Chemical compounds found in plants could hold the answer to treating an array of blindness-causing ocular disorders, a collaborative study by Indiana University School of Medicine and the University of Surrey in the United Kingdom found.
Scientists from the Indiana University School of Medicine’s eye institute and their British counterparts tested chemical compounds from a family of plants—Hyacinthaceae—and found that certain compounds could have the potential to treat abnormal blood vessel growth within the eye.
This blood vessel growth is linked to several types of blindness, including in premature babies (retinopathy of prematurity), diabetics (proliferative diabetic retinopathy) and older adults (wet age-related macular degeneration).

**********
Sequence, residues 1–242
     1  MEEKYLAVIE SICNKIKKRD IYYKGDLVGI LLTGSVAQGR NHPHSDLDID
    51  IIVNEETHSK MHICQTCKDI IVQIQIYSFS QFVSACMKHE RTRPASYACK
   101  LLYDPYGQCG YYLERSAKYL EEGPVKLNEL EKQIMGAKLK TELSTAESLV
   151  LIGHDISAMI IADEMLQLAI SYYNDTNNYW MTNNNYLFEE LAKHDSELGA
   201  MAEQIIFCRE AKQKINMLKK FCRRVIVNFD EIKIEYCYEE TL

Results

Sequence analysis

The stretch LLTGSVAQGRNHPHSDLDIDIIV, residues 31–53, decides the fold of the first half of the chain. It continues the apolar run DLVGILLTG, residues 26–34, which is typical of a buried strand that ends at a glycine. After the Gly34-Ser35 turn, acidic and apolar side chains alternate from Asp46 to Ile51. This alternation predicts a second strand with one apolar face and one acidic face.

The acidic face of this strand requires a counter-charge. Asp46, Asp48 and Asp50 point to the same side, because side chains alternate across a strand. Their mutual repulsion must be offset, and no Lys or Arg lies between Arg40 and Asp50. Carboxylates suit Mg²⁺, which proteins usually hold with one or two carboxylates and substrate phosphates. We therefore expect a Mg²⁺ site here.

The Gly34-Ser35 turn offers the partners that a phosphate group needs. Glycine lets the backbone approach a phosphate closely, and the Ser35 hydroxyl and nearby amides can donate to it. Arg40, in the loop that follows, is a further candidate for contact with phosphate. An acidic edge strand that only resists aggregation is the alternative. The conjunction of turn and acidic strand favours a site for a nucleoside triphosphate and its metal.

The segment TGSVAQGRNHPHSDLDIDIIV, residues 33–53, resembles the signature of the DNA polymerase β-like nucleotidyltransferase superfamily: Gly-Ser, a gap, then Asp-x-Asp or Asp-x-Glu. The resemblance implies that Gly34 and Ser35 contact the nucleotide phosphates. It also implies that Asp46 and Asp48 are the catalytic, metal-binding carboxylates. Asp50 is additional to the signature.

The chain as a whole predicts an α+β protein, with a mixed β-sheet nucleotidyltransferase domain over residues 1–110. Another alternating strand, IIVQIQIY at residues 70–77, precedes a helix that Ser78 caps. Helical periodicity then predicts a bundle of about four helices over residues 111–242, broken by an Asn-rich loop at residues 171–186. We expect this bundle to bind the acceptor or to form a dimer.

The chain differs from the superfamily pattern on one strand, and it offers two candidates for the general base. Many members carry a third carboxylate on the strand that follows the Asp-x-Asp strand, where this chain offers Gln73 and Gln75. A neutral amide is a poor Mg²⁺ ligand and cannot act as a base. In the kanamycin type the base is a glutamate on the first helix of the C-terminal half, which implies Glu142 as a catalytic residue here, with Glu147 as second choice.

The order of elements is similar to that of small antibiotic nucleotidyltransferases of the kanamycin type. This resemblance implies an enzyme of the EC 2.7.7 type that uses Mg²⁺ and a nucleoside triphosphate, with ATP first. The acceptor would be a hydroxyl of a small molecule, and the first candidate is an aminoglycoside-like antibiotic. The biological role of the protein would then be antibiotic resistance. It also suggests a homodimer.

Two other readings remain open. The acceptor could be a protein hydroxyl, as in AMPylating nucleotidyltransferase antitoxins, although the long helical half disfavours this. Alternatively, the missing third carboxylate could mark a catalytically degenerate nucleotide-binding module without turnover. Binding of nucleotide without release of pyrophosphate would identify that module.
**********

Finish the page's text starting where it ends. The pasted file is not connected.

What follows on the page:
IU School ophthalmology researchers made the discovery as part of a partnership that has spanned nearly five years. Their full findings recently appeared in the Journal of Natural Products.
Scientist isolated homoisoﬂavonoid compounds in various Hyacinthaceae plants and created a few synthetic ones, then tested them and determined they could block the blood vessel cell growth that can lead to eye disease. They found one synthetic derivative was very potent and could form the basis of future therapies for these eye diseases. Research in this area continues.